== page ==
New BPA VP of Environment, Fish and Wildlife
The Bonneville Power Administration has spent billions of dollars on Columbia River basin fish and wildlife mitigation and it continues to spend nearly $300 million each year in direct expenses for the Columbia River Fish and Wildlife Program.
But over the last year, the agency has been forced by competitive power markets to seek cuts to its fish and wildlife budget by as much as $30 million and to continue to manage those costs at a rate that is below inflation. In addition, BPA continues to ask tough questions surrounding one of the largest and most complex fish recovery programs in the nation.
Scott Armentrout, Vice President of Environment, Fish and Wildlife since November, spoke to Northwest Power and Conservation Council members at its meeting Wednesday, March 13 in Portland. Armentrout comes to BPA after a long stint with the U.S. Forest Service in Colorado. He replaces Lorri Bodi, who retired last year.
According to a draft report released this week by the Council on BPA fish and wildlife costs, the agency has spent $16.8 billion on fish and wildlife programs since 1981 and has continued to spend 19.5 percent of the Power Business Line's costs. See https://www.nwcouncil.org/reports/2018-columbia-river-basin-fish-and-wildlife-program-costs-report-0.
"How do we keep doing this and still address the region's emerging priorities?" Armentrout asked. "Is this permanent? Do we stop doing this at some point?"
He answered his own questions, saying "The fish program is never necessarily going to be complete. It will be an ongoing obligation: this is a huge commitment for BPA with few exit ramps."
Many of the big commitments are funding hatchery operations, some of the long-term research studies and land acquisitions.
But he did add that none of this means that BPA will keep spending at the 2018 level. "We could further reduce the costs to the ratepayer," he said. "That's one of the challenges."
"The greater question is how we prioritize the work and the obligation for BPA to continue to pay for it. I do look to the Council to help us with priorities, helping to tie the projects we fund to Bonneville's obligation to pay."
He also said that BPA is not the only organization with obligations to pay for fish recovery, pointing to the U.S. Army Corps of Engineers and the Bureau of Reclamation that operate the federal dams also having similar obligations.
"I'm encouraged by everything I hear," said Oregon Council member Ted Ferrioli. "The issue is to connect the programs with biological effectiveness, also to tie that to the Council Amendment process. That seems to be on the same page as our staff."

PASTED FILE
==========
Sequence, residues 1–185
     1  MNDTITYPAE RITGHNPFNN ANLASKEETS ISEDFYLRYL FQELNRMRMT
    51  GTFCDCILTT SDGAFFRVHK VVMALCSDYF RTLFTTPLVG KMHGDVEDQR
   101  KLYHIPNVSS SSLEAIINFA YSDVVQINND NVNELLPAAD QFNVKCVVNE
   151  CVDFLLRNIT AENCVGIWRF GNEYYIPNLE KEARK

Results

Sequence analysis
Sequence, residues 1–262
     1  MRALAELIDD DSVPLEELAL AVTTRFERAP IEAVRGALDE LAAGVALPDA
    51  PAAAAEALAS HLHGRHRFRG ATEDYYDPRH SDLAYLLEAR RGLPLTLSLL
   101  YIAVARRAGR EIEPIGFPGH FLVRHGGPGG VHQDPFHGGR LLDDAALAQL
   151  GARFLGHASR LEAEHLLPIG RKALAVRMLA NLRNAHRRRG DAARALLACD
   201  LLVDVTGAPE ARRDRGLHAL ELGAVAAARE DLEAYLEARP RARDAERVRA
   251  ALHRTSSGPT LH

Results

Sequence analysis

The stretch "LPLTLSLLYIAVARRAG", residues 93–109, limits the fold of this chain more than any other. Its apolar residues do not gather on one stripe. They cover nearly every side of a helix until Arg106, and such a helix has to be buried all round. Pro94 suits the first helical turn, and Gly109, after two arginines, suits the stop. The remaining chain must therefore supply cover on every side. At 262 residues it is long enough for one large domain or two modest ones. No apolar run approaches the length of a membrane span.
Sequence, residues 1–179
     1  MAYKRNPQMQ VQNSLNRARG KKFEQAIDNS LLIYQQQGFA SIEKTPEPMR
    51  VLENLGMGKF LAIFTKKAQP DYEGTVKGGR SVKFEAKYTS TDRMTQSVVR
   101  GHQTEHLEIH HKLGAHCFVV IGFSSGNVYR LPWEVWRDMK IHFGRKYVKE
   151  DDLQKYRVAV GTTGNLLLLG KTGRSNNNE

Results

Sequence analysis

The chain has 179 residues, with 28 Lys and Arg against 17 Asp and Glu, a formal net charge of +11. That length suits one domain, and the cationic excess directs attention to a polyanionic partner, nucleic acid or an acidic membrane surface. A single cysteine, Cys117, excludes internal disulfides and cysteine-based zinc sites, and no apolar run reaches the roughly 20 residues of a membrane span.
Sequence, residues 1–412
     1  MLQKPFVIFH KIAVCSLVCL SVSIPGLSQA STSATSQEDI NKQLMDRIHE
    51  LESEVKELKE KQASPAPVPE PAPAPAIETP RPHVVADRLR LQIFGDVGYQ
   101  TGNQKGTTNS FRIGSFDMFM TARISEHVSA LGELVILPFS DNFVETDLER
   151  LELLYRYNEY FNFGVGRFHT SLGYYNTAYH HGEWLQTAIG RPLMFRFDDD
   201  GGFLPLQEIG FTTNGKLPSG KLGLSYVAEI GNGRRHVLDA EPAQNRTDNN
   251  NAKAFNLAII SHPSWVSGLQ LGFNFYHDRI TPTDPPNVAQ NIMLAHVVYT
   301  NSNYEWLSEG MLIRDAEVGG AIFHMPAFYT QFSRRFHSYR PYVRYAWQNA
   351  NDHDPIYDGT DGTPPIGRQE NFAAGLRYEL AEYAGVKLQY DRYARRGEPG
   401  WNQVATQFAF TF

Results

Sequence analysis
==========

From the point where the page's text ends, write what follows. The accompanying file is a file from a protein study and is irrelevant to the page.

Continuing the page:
"And I expect our alignment to get better over time," Armentrout responded, touting a newly "realigned" staff he is in bringing on that will look at "how to adapt to keep that alignment with Council staff together."
At this point in his job, Armentrout says he is spending about one-third of his time on three things: an environmental impact statement being developed by court order that will result in a new biological opinion of the federal hydroelectric system by December 2000; the fish and wildlife program; and other issues, such as ocean conditions, increased spill, dam breaching, Columbia River Treaty, implementing the Fish Accord extension and predators in the basin.
Of the extension to the Fish Accords, he said the program has been very successful and that Eliot Mainzer, administrator of BPA, recently wrote a letter saying he'd like the Accords to extend out the full four years as initially agreed. The Accords, set for a four year term, were initially keyed to the completion of a new Columbia system BiOp, which by Presidential order will be completed one year earlier in 2020 instead of 2021. Armentrout said BPA wants the Accords to still play out over the four years as planned.
"We took on the Herculean task to change the MMPA, but we will need your help with the funding," Jeffery Allen, Idaho Council member, said.
The MMPA is the Marine Mammal Protection Act that was changed by Congress recently to allow the lethal removal of more sea lions from the Columbia and Willamette rivers, including steller sea lions, which had previously been off limits to culling programs.
"As a policy, we don't fund removal," Armentrout said. "That requires a policy change, which is not impossible. It's not a lengthy process, but it's not short either. It needs to go through a review process before we can fund it."
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